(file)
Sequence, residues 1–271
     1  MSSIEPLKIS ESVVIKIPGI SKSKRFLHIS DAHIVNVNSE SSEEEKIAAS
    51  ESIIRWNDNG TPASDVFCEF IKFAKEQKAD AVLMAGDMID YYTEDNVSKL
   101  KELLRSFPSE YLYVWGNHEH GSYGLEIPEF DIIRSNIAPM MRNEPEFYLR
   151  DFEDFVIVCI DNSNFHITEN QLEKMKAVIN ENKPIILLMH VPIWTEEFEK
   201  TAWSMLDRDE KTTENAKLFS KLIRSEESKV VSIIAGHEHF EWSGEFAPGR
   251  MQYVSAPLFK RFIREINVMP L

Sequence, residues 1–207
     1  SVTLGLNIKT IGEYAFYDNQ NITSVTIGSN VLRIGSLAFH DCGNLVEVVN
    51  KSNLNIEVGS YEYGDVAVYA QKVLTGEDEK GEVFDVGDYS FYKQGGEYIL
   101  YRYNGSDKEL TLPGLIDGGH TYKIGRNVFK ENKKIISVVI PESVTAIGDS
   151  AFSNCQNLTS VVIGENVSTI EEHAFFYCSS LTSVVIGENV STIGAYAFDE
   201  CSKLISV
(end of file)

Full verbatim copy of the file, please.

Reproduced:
Sequence, residues 1–271
     1  MSSIEPLKIS ESVVIKIPGI SKSKRFLHIS DAHIVNVNSE SSEEEKIAAS
    51  ESIIRWNDNG TPASDVFCEF IKFAKEQKAD AVLMAGDMID YYTEDNVSKL
   101  KELLRSFPSE YLYVWGNHEH GSYGLEIPEF DIIRSNIAPM MRNEPEFYLR
   151  DFEDFVIVCI DNSNFHITEN QLEKMKAVIN ENKPIILLMH VPIWTEEFEK
   201  TAWSMLDRDE KTTENAKLFS KLIRSEESKV VSIIAGHEHF EWSGEFAPGR
   251  MQYVSAPLFK RFIREINVMP L

Sequence, residues 1–207
     1  SVTLGLNIKT IGEYAFYDNQ NITSVTIGSN VLRIGSLAFH DCGNLVEVVN
    51  KSNLNIEVGS YEYGDVAVYA QKVLTGEDEK GEVFDVGDYS FYKQGGEYIL
   101  YRYNGSDKEL TLPGLIDGGH TYKIGRNVFK ENKKIISVVI PESVTAIGDS
   151  AFSNCQNLTS VVIGENVSTI EEHAFFYCSS LTSVVIGENV STIGAYAFDE
   201  CSKLISV